Morton Goldsholl Associates Source: en.wikipedia.org/wiki/Morton_Goldsholl_Associates

Morton Goldsholl Associates
IndustryGraphic design
Advertising agency
Founded1955; 67 years ago (1955)
FoundersMorton Goldsholl
Millie Goldsholl
Chicago, Illinois
United States
Number of employees
30 (1963)

Morton Goldsholl Associates (Goldsholl Associates, Goldsholl Design & Film Associates) was one of Chicago’s leading graphic design studios in the 1950s through 1970s. The studio became recognized for their animated films, progressive hiring practices and developing corporate branding packages for various companies.[1]

In 1955, Morton (Mort) and Millie Goldsholl established Goldsholl Design & Film Associates. Mort became titular head with responsibility for the design division, while Millie took charge of building a film division. By 1963, the company had grown to about 30 employees. Due to staff growth and an interest in expanding the film division, the Goldsholls built a spare office building on a frontage road in Northfield, Illinois, filling it with a stage as well as sound and editing suites for film production to take place alongside the designers.[2]

While at Goldsholl Design & Film Associates, Mort created iconic logos and packaging for Motorola, Vienna Beef, Peace Corps, Alcoa and Brach's Candy, just to name a few.[3] When he was asked what he liked most about his company, Mort Goldsholl said, “I enjoy my work immensely, but seldom the results. The playtime in design is the most joyful experience––the wasted moments in scribbles, dribbles and scratches that formulate vague thoughts into ideas and dreams into action. I don’t know how or why this is so. The problem is to get the final design to match the fleeting idea. The big dreams about the great work of art can too easily be dissipated in the practicalities of solutions, clients, markets, statistics, sales, function and committee decisions."[4]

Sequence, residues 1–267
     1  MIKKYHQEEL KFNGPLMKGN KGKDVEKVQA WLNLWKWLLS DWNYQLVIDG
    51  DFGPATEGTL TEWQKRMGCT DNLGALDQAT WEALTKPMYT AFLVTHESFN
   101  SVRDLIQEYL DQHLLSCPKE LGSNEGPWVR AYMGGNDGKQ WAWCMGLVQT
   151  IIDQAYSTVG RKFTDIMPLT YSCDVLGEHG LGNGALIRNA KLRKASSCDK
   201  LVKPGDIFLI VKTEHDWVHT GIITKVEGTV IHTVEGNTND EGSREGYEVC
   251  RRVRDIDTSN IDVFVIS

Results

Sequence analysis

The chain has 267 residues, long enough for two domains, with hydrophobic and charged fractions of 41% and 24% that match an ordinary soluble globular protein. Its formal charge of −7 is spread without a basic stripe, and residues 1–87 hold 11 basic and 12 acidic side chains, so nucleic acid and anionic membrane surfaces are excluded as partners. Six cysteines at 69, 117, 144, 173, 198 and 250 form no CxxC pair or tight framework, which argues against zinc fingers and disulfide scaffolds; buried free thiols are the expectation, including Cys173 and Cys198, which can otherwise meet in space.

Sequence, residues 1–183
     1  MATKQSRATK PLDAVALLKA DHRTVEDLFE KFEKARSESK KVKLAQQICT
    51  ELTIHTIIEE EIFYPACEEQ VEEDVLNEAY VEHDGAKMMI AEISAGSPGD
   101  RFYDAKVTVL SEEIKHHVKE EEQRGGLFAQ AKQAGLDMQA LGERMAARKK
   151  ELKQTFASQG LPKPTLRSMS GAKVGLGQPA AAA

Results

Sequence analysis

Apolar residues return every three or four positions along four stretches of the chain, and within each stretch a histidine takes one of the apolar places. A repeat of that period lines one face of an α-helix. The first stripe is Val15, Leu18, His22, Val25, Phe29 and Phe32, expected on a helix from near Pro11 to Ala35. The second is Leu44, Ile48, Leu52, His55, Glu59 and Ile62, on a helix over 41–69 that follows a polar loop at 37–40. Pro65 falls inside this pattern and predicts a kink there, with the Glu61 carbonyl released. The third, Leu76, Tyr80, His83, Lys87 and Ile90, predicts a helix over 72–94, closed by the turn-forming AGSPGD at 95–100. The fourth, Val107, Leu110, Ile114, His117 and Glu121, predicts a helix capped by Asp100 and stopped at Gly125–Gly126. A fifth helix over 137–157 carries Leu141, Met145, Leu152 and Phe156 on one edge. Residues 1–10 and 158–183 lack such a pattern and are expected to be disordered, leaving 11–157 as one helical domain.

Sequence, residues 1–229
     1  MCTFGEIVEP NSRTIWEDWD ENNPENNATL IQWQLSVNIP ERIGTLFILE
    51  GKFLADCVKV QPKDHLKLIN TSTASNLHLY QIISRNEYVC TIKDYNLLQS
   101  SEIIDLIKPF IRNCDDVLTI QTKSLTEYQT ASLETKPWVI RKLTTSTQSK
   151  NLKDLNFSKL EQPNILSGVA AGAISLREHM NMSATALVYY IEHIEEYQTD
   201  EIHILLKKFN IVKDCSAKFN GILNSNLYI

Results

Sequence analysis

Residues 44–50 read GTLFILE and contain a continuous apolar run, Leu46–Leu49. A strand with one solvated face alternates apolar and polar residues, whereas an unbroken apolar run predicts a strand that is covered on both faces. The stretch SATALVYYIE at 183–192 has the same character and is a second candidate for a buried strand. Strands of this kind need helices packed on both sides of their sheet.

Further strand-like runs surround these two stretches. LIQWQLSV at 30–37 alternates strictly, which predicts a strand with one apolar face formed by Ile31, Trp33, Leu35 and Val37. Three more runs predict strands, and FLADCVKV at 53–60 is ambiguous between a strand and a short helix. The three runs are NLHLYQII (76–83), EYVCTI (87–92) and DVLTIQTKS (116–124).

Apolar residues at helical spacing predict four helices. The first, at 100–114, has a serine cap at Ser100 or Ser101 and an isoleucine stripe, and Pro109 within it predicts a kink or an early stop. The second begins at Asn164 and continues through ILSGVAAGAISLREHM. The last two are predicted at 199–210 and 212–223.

Former employees of Goldsholl Design & Film Associates include: DeWitt Beall, David Blumenthal, Wayne Boyer, Tom Freese, Larry Janiak, William Langdon, Byron Grush, Paul Jessel, James Logan, Susan Keig, Thomas Miller, Fred Ota, John Weber and John Siena.

The Goldsholls worked together for 40 years until the company closed down in the 1990s. Mort died in 1995,[5] and Millie died on May 23, 2012.[6]

Since 2006, the majority of the films created by Morton Goldsholl Associates have been in the care of Chicago Film Archives (CFA). CFA's Mort & Millie Goldsholl Collection contains approximately 129 films made by the firm.[7] University of Illinois at Chicago Special Collections has 22 linear feet of archival print materials in their Morton Goldsholl Collection.[8]


  1. ^ Mort and Millie Goldsholl Collection, 1942-1980.
  2. ^ Mort and Millie Goldsholl Collection, 1942-1980.
  3. ^ http://www.chicagodesignarchive.org/projects.php?by=designer&id=156[dead link]
  4. ^ "Archived copy" (PDF). Archived from the original (PDF) on 2016-04-22. Retrieved 2015-03-09.{{cite web}}: CS1 maint: archived copy as title (link)
  5. ^ "Morton Goldsholl". IMDb.
  6. ^ "News - MAY 24, 2012 - Millie Goldsholl (1920-2012)". CFA - Chicago Film Archives. Retrieved 2015-03-20.
  7. ^ SERIES I: Goldsholl Design & Film Associates Films.
  8. ^ "Special Collections - UIC Library". library.uic.edu. Archived from the original on 2012-02-08.